PHP 5.5: Out-of-the-Box Bytecode Cache
PHP is an interpreted language. The default PHP runtime, the one that can be obtained from php.net, compiles PHP sourcecode to an intermediate representation called PHP bytecode which is then executed. A bytecode cache stores this compiled representation of PHP sourcecode in shared memory. This eliminates the need to load and compile sourcecode on each request which leads to a significant increase in performance (up to 70% more requests per second).
The Past: PHP 4 to PHP 5.4
Since PHP 4 there have been third-party solutions for bytecode caching, both commercial (closed source) and open source ones. Zend Cache, one of the initial offerings of Zend Technologies Inc., was the first bytecode cache for PHP and originally released around 2000/2001. APC, the Alternative PHP Cache was one of the first open source solutions for bytecode caching. And although many PHP core developers contributed to APC over the years it still remained a third-party project.
A bytecode cache is integrated with the PHP runtime at a very low level. Thus, if the development of the bytecode cache is decoupled from the development of the PHP runtime itself there is a risk of "running out of sync". More often than not it took both the vendors of commercial products as well as the developers of open source solutions months to adapt their bytecode cache after a major new version of PHP had been released. In the past, this gap was a contributing factor to the slow adoption of new PHP versions.
The Present: PHP 5.5
At the beginning of this year, Zend Technologies Inc. open-sourced their bytecode cache product, then called ZendOptimizer+, and proposed to continue its development as part of the development of the runtime itself. Last week, the first stable version of PHP 5.5 was released. This is the first version of PHP to ship with an out-of-the-box bytecode cache. It is based on ZendOptimizer+, called OpCache, and shows significant performance improvements over APC (between 5% and 20% more requests per seconds).
When you download PHP 5.5 from php.net and build the PHP interpreter yourself, OpCache is built by default but disabled by default. If you are still using PHP 5.2, PHP 5.3, or PHP 5.4, you can download and install OpCache from PECL. Once you have the OpCache extension installed, all you need to do in order to enable it is to add the following line to your PHP configuration file (php.ini):
The /path/to part needs to replaced with the path you specified with --prefix when you configured the PHP build.
The OpCache documentation suggests the following configuration settings:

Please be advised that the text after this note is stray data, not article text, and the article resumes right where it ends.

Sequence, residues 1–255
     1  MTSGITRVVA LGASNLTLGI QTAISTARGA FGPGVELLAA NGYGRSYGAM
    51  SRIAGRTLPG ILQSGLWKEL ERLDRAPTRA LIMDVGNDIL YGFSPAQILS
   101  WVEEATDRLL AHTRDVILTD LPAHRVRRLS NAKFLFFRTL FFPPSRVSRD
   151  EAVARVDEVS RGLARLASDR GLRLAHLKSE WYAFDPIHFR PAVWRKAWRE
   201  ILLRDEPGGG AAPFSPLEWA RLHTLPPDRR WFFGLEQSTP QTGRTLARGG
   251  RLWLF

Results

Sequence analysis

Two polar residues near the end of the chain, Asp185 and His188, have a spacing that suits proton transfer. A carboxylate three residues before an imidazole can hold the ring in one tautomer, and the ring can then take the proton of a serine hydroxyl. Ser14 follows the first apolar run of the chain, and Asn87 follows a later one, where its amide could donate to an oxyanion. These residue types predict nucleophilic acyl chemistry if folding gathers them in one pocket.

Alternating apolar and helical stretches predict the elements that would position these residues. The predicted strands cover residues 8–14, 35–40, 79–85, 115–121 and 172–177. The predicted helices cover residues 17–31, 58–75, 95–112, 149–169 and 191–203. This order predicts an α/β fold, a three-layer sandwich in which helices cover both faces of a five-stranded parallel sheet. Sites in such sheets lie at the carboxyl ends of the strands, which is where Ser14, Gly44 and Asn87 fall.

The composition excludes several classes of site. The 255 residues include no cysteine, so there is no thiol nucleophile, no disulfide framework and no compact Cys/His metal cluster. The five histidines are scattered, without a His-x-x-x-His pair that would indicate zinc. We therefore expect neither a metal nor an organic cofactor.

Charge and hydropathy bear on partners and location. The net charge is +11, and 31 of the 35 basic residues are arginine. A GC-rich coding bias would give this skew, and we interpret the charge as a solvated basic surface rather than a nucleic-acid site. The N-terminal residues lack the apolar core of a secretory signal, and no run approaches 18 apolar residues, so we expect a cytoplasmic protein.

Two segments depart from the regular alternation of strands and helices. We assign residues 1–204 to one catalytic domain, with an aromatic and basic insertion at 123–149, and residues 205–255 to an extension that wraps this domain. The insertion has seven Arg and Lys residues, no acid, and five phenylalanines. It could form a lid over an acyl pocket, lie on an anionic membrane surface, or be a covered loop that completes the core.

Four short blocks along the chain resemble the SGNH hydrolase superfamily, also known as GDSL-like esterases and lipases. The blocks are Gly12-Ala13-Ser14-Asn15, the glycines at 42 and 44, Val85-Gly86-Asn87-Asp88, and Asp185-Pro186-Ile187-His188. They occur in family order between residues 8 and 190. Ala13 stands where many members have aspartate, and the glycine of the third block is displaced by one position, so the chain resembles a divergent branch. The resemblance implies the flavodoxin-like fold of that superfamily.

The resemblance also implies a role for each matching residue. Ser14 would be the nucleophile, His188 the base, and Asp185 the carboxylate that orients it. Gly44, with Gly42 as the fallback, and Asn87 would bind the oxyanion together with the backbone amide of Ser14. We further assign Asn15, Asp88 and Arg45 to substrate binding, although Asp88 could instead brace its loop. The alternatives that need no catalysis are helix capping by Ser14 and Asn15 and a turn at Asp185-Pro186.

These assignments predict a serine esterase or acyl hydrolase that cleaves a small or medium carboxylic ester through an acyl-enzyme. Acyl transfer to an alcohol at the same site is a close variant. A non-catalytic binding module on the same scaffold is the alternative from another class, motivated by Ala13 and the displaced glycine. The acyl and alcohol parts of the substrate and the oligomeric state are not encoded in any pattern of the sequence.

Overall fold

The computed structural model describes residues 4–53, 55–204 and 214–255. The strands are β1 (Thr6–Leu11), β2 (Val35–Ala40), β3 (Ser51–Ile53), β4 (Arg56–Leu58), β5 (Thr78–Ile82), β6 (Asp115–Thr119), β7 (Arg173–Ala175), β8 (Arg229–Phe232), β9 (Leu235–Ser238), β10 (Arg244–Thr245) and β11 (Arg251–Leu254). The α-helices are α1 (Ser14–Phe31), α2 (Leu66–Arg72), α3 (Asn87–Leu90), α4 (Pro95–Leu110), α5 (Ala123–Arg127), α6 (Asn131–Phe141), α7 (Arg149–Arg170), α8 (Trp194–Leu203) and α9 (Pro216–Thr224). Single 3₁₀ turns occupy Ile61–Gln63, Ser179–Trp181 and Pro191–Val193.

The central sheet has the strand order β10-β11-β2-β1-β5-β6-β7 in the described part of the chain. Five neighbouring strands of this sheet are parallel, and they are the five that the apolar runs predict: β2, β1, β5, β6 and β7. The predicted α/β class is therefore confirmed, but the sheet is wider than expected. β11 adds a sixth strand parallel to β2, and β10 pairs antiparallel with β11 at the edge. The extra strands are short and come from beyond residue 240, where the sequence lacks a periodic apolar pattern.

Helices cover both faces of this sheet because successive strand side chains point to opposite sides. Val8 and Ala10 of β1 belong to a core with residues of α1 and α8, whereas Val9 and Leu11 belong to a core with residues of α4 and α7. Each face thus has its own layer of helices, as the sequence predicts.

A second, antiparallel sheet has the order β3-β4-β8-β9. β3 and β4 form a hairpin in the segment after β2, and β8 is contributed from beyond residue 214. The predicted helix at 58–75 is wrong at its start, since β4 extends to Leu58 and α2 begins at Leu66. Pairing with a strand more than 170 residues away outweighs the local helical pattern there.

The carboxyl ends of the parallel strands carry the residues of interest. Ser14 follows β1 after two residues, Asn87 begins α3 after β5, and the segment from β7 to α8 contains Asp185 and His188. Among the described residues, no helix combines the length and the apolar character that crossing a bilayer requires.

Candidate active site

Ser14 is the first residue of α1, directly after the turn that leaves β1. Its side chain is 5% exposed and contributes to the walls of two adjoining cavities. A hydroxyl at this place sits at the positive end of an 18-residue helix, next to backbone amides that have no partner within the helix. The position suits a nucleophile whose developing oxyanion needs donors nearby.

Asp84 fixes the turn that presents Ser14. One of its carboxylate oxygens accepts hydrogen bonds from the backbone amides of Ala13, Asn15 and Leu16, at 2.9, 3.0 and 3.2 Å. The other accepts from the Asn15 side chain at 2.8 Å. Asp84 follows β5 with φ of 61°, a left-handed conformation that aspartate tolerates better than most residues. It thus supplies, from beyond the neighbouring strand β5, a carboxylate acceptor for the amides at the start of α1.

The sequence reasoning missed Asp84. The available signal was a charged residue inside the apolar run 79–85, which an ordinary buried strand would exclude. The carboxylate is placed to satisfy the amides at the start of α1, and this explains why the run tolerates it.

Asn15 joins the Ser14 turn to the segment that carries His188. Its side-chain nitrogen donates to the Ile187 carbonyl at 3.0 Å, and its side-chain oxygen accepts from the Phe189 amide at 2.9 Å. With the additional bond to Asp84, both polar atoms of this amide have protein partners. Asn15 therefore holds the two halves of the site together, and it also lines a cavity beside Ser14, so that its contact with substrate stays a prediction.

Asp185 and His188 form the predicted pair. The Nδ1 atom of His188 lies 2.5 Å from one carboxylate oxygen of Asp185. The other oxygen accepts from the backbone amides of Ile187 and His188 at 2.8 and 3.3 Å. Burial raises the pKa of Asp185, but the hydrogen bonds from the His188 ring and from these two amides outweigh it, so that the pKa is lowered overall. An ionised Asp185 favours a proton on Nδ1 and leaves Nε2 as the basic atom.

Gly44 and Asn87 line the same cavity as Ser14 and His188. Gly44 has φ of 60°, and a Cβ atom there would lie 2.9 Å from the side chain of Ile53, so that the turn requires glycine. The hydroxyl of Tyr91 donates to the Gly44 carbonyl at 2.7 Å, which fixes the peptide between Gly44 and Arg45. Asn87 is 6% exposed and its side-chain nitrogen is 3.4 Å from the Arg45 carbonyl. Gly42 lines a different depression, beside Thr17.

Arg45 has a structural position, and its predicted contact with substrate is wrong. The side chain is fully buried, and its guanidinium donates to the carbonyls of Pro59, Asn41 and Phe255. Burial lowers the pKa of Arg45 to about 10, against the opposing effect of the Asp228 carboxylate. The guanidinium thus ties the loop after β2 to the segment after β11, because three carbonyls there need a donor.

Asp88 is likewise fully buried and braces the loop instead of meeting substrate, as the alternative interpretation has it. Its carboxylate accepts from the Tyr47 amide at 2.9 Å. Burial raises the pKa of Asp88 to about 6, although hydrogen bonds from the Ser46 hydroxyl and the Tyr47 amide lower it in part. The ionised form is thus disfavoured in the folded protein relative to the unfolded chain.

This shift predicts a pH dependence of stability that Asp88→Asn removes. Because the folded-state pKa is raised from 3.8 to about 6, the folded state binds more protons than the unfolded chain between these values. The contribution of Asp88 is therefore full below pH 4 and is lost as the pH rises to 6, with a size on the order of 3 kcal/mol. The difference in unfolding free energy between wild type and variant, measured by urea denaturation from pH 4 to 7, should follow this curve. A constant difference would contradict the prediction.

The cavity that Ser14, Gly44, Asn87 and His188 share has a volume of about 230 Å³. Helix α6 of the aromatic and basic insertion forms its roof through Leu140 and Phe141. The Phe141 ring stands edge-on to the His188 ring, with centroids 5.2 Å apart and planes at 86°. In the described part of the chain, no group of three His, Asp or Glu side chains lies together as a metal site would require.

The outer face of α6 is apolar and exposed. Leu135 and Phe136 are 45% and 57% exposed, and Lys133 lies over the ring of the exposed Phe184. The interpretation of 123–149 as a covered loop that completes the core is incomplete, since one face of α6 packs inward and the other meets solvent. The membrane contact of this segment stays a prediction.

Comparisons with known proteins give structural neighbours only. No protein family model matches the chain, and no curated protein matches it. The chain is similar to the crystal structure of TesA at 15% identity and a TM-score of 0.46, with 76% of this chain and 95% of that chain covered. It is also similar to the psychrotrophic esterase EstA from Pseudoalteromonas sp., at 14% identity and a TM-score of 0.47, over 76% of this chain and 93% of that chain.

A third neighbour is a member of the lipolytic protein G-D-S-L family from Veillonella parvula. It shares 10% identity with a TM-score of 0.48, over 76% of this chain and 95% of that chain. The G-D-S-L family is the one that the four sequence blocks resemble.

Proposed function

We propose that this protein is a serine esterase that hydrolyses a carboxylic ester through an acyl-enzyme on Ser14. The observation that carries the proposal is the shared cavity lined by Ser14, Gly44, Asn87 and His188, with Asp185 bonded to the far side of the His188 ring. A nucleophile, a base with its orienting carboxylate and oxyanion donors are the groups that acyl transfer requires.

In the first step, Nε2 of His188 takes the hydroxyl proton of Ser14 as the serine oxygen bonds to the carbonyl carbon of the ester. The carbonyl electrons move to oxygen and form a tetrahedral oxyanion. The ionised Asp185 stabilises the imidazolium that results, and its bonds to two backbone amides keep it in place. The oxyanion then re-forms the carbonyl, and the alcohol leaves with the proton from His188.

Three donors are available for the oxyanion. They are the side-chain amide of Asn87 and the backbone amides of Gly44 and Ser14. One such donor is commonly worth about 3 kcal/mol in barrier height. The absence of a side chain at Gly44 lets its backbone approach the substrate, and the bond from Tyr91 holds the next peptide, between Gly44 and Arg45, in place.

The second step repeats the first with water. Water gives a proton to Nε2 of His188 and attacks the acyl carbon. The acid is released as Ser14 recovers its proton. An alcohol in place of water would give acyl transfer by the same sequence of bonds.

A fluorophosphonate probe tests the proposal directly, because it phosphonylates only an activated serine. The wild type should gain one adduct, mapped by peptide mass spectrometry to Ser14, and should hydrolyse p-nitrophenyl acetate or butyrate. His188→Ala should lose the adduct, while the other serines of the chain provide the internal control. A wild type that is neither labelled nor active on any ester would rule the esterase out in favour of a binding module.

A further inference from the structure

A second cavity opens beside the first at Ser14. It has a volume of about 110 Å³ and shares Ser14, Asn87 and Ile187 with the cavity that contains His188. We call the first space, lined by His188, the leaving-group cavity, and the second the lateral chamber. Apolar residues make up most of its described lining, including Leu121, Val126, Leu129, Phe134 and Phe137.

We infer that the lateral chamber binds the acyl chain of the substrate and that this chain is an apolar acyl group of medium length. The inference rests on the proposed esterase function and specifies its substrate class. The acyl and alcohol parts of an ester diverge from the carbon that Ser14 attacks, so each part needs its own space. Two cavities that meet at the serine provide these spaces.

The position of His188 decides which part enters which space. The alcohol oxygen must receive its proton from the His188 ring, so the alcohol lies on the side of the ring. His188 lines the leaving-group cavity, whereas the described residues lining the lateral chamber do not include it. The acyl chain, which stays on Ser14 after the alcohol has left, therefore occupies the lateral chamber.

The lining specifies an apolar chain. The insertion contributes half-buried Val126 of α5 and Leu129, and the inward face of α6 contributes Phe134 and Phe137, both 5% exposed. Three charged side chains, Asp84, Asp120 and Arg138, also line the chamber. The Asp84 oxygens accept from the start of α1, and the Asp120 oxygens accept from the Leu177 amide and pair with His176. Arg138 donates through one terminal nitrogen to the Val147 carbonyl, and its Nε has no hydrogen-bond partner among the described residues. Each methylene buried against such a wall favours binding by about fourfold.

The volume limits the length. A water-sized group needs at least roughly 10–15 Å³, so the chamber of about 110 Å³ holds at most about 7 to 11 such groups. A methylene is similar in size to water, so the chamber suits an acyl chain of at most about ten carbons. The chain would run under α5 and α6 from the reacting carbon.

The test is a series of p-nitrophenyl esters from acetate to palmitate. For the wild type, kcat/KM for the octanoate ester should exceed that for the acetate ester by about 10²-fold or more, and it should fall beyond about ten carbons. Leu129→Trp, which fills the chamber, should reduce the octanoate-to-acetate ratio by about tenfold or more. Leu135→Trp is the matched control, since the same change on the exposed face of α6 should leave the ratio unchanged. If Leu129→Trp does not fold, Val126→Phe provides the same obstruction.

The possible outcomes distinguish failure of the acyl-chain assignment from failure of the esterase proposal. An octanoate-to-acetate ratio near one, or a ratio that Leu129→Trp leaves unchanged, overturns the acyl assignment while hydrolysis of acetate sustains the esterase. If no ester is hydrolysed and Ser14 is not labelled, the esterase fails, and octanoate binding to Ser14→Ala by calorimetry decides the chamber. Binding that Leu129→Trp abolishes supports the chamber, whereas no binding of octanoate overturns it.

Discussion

opcache.memory_consumption=128 opcache.interned_strings_buffer=8 opcache.max_accelerated_files=4000 opcache.revalidate_freq=60 opcache.fast_shutdown=1 opcache.enable_cli=1
In case your application (or the framework it is built on) only uses annotations at development time, you can achieve even better performance by setting opcache.save_comments=0 in your PHP configuration file.
Honoring the Separation of Concerns design principle, OpCache only implements bytecode caching whereas APC, for instance, provides both bytecode and data caching. If you want to migrate from APC to OpCache (which you should) but are using APC's data caching API in your code you need to refactor your code accordingly and use a different storage for your cache.
APCu is a fork of APC from which bytecode caching has been removed. It can be used as a drop-in replacement for APC's data caching API and requires no changes to your code. At the time of writing, however, it is only available in beta. Other alternatives to using APC for data caching are key-value stores such as Memcached.
The Future: PHP 5.6 and beyond
Starting with PHP 5.5, the development of the PHP compiler and its default bytecode cache is synchronized. New versions of PHP will always have robust bytecode caching available immediately after release. This eliminates a significant factor for the slow adoption of new PHP versions.
A deeper integration of OpCache and the compiler is planned for PHP 5.6 and beyond. This will, for instance, allow for more expensive optimizations of the bytecode in the compiler and improve the performance even further. It may well be that the bytecode cache will eventually not be an extension to the PHP runtime anymore but an integral part of it.